No one can accurately predict that. But you can keep your eye on the ‘US yield curve’ for clues. This has been the best recession indicator over the past few decades.

As this article from Bloomberg explains…

The chart below shows that every recession since the mid-1970s (the shaded regions) has followed an inverted yield curve when the two-year note yields more than the 10-year:

10 Year Treasury constant maturity minus 2 year treasury constant maturity 20-12-2017

Source: Federal Reserve of St Louis
[Click to enlarge]

The spread has been rapidly closing in recent years and is fast approaching another inversion. Since September alone, the two-year yield has gone from 1.26 percent to 1.85 percent. In that same time, the 10-year yield has gone from 2.05 percent to 2.37 percent. This means the yield curve is getting “flatter” as long-term rates are rising much slower than short-term rates.

It’s important not to jump the gun here. The curve is still some way from being inverted. And it was a lot closer in 1995. Yet we didn’t get a recession until 2001.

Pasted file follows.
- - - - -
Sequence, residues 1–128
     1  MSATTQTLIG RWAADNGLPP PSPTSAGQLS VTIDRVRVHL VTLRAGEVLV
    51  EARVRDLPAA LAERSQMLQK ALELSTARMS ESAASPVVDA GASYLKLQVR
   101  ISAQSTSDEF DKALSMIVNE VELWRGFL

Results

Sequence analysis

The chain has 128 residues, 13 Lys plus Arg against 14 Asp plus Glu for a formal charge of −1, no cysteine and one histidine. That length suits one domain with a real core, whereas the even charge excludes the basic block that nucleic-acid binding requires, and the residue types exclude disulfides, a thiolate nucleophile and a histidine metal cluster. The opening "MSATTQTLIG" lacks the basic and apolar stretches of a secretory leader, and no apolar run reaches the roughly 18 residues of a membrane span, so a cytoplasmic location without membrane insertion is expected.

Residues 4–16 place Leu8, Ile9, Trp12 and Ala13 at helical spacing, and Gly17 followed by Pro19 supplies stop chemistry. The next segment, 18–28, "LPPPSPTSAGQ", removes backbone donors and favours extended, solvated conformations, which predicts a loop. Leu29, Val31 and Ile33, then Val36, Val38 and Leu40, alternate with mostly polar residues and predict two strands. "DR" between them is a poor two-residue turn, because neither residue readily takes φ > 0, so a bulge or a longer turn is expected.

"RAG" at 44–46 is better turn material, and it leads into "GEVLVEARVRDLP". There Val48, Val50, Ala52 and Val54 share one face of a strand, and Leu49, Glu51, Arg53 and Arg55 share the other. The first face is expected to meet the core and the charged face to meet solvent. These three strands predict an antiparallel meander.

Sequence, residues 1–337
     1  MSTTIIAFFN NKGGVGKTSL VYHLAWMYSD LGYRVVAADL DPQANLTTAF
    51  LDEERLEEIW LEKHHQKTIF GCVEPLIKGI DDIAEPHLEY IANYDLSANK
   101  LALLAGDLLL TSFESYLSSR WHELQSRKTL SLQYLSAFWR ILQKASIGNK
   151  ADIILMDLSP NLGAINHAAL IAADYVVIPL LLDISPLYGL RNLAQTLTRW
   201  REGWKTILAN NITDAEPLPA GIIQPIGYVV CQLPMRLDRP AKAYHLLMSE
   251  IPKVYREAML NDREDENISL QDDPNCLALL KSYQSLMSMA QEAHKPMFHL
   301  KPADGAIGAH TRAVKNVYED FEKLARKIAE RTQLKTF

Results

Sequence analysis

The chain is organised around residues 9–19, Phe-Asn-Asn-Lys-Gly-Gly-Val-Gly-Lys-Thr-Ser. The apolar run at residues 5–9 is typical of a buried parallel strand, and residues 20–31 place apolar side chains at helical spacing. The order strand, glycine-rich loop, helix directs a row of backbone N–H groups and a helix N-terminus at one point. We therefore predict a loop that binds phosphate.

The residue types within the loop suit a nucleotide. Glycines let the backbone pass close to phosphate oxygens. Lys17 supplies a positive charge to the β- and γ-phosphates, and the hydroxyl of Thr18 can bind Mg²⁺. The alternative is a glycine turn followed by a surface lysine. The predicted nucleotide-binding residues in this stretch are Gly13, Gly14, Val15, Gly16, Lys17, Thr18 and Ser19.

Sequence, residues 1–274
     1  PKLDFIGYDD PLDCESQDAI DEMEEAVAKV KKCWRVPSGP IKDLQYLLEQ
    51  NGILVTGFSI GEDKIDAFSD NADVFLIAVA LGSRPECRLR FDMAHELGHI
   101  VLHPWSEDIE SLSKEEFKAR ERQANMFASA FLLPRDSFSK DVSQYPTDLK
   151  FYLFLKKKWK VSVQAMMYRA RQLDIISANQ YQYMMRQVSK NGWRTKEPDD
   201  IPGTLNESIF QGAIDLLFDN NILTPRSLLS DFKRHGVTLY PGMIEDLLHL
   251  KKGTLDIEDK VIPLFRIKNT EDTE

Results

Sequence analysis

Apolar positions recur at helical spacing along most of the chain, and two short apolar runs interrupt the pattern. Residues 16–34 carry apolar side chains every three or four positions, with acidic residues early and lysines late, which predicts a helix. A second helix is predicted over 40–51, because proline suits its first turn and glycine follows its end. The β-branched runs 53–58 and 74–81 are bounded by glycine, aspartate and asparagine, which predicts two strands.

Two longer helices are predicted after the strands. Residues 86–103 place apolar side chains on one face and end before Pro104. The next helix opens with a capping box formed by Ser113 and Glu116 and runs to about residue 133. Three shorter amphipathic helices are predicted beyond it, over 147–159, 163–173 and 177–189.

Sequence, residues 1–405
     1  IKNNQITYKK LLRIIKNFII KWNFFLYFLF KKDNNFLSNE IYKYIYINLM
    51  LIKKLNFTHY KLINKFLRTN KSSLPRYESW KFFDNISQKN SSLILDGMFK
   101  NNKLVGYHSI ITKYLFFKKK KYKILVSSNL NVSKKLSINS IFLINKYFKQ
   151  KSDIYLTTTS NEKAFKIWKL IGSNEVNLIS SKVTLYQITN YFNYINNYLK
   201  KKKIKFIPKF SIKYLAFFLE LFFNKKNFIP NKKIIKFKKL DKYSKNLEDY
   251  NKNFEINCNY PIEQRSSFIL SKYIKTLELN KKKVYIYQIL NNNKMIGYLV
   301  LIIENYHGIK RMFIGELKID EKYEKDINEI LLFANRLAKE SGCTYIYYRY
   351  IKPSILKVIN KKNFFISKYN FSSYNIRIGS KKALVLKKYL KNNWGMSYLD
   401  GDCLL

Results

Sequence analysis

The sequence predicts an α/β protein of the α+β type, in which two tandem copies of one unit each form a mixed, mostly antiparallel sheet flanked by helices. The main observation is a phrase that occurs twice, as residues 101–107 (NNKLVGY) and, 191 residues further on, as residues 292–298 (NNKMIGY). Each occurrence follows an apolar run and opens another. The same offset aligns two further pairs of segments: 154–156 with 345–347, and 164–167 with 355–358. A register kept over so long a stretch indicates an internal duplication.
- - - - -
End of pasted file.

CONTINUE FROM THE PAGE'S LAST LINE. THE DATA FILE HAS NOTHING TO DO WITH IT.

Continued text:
But if the Fed continues to raise short term rates in 2018, and the 10 year bond market thinks those rate rises will dull credit growth and therefore economic growth, then yes, the yield curve will continue to head towards zero. 

Let me show you another chart. It shows the Fed funds rate since the mid-1950s, with the shaded areas indicating recession.

What you see is that Fed rate rises preceded every single recession. If the Fed continues to raise rates in 2018, especially in the absence of a pick-up in inflation, meaning real rates are rising, then it increases the odds of a recession hitting sometime in 2019.

Effective Federal Funds Rate 20-12-2017

Source: Federal Reserve of St Louis
[Click to enlarge]

It’s something to watch out for. But I don’t see the point in getting too dogmatic about it. Let’s just see what happens.